Emerald triangle get ready; time pay tribute to the tyrant Trump

With a promise to use “care and professionalism,” Attorney General Jeff Sessions has moved to expand a scandal-plagued program of asset forfeiture that allows law enforcement officials to seize money and goods from individuals suspected of crimes, in many cases without a criminal conviction or even a charge. While it is nice to pledge care and professionalism, aspects of this program have proved rife with abuse, and it must be reformed.

The logical foundation of asset forfeiture is recovering the proceeds of criminal activity, such as drug deals. “No criminal should be allowed to keep the proceeds of their crime,” Mr. Sessions declared in a speech Monday in Minneapolis to the National District Attorneys Association. Again, it is hard to argue with the principle. But in reality, as a Post investigation showed in 2014, asset forfeiture has turned out to be an opportunity for police to seize cash and valuables from drivers stopped for minor infractions, and it often can be extremely difficult for the innocent to recover their property. The bounty is often parceled out to law enforcement agencies, creating a perverse profit motive.

In 2015, the Justice Department under President Barack Obama announced curtailment of a kind of forfeiture that allowed local police to share part of their proceeds with federal authorities. This was known as “adoptive” forfeiture, under which state and local authorities would get the seizure cases processed, or “adopted,” under more permissive federal statues, rather than stricter state laws. The 2015 order all but ended adoptive forfeiture. Now, Mr. Sessions is turning the spigot back on, as a Justice Department policy announcement on Wednesday made clear.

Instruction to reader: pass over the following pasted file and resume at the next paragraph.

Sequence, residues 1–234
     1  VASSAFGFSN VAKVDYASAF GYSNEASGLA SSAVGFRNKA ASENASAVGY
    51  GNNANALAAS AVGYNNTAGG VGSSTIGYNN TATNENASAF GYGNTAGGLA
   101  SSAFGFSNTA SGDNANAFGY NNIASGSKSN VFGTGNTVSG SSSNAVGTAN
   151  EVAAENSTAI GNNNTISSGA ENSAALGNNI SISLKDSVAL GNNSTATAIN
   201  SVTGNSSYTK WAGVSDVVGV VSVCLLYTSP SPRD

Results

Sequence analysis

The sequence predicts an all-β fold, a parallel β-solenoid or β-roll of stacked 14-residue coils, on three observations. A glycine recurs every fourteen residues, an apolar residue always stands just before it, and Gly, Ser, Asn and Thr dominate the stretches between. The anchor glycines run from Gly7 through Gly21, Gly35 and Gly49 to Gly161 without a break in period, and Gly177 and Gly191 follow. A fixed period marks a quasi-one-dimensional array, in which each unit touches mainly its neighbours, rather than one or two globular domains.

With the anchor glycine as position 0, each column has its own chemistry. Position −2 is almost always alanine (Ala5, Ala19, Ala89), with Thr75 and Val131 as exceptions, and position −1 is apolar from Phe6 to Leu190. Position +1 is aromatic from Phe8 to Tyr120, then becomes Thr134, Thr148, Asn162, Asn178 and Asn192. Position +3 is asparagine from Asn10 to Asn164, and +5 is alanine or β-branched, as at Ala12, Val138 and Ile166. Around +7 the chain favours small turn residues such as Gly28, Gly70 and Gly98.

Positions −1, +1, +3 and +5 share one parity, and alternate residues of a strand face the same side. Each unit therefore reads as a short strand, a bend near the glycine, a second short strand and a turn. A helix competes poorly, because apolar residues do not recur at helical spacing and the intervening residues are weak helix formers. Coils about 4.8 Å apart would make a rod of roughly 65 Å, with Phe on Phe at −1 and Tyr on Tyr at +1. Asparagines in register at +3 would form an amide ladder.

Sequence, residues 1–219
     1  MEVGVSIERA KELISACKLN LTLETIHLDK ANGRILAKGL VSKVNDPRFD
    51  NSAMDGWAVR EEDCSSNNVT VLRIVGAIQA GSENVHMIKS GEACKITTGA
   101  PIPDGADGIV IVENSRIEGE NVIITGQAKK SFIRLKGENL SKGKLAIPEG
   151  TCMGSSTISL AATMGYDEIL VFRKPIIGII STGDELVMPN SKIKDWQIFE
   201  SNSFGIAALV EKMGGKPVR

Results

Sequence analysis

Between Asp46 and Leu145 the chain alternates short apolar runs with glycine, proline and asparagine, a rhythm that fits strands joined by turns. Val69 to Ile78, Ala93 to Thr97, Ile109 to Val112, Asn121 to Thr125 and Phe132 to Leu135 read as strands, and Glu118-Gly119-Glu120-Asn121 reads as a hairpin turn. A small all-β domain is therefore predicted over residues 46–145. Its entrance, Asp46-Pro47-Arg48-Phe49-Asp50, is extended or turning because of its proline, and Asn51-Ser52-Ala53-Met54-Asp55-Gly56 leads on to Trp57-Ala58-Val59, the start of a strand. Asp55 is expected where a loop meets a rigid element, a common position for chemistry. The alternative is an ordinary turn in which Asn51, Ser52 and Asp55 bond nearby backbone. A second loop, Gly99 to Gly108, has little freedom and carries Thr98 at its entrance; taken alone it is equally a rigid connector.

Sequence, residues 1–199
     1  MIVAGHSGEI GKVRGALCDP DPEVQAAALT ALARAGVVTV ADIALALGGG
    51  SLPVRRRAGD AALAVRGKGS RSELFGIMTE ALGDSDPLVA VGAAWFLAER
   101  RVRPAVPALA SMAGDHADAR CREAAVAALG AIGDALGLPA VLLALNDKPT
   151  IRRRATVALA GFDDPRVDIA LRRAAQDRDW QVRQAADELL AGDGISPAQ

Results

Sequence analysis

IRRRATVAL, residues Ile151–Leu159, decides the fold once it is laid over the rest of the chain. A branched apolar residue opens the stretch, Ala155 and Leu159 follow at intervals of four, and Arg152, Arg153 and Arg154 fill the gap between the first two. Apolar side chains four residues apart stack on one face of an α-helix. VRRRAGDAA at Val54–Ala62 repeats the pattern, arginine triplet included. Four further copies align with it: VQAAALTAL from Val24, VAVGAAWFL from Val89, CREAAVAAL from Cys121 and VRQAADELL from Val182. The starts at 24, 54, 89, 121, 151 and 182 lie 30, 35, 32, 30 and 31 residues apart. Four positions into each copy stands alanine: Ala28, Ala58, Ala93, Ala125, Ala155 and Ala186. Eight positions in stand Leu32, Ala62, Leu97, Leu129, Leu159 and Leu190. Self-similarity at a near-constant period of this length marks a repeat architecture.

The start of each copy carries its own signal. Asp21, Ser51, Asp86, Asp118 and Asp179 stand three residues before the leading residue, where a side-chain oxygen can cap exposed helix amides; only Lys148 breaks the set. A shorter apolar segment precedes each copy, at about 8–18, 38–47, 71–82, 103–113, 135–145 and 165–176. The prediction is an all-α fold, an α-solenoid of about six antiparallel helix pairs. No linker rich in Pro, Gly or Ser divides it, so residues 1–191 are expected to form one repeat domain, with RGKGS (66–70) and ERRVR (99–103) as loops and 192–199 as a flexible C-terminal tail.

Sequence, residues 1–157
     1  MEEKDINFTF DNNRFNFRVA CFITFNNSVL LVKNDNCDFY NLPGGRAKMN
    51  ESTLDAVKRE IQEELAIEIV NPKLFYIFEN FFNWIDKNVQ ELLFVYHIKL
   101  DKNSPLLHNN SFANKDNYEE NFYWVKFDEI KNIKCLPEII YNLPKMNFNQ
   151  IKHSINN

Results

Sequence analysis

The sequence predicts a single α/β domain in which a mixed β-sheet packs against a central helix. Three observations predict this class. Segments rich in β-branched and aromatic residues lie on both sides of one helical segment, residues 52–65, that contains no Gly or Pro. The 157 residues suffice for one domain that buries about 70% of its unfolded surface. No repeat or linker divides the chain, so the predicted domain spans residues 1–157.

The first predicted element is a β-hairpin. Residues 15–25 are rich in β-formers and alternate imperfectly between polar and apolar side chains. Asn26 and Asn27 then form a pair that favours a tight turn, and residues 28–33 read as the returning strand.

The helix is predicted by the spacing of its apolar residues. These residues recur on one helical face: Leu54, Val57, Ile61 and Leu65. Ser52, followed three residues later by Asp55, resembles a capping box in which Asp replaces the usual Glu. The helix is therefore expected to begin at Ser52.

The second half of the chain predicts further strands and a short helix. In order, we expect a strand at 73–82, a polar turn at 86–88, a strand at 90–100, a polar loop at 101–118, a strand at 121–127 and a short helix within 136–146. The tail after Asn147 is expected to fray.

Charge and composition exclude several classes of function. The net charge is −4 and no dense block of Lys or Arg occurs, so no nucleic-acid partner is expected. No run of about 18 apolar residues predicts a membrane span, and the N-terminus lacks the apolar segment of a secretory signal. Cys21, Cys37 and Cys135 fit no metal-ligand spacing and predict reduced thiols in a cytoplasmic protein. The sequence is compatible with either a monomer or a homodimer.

The Post report in 2014 revealed onerous seizures from the innocent. In one case, a 40-year-old Hispanic carpenter from New Jersey was stopped on Interstate 95 in Virginia for having tinted windows. Police said he appeared nervous and consented to a search. They took $18,000 that he said was meant to buy a used car. He had to hire a lawyer to get his money back.

While asset forfeiture is justified in huge drug busts, its abuse in highway arrests and in grabbing small sums from people has gone too far. Mr. Sessions declared in his address to the Minneapolis group: “Helping you do your jobs, helping the police get better, and celebrating the noble, honorable, essential and challenging work you do will always be a top priority of mine.” Wouldn’t it be in service of these goals to curb wrongful asset forfeitures and put in place strong protections against further exploitation by police of innocent Americans?

The Justice Department is promising to implement such protections, and Mr. Sessions said he would instruct department officials to use an “abundance of caution” for seizures involving vehicles and residences, where many mistakes have occurred. That’s not enough. Congress ought to consider legislation introduced by Rep. Darrell Issa (R-Calif.) with bipartisan support that would increase the government’s burden of proof before seizing assets.

Opinion from Washington Post

Sessions greenlights police to seize cash, property from people suspected of crimes but not charged

The Justice Department announced a new federal policy Wednesday to help state and local police take cash and property from people suspected of a crime, even without a criminal charge, reversing an Obama administration rule prompted by past abuse by police.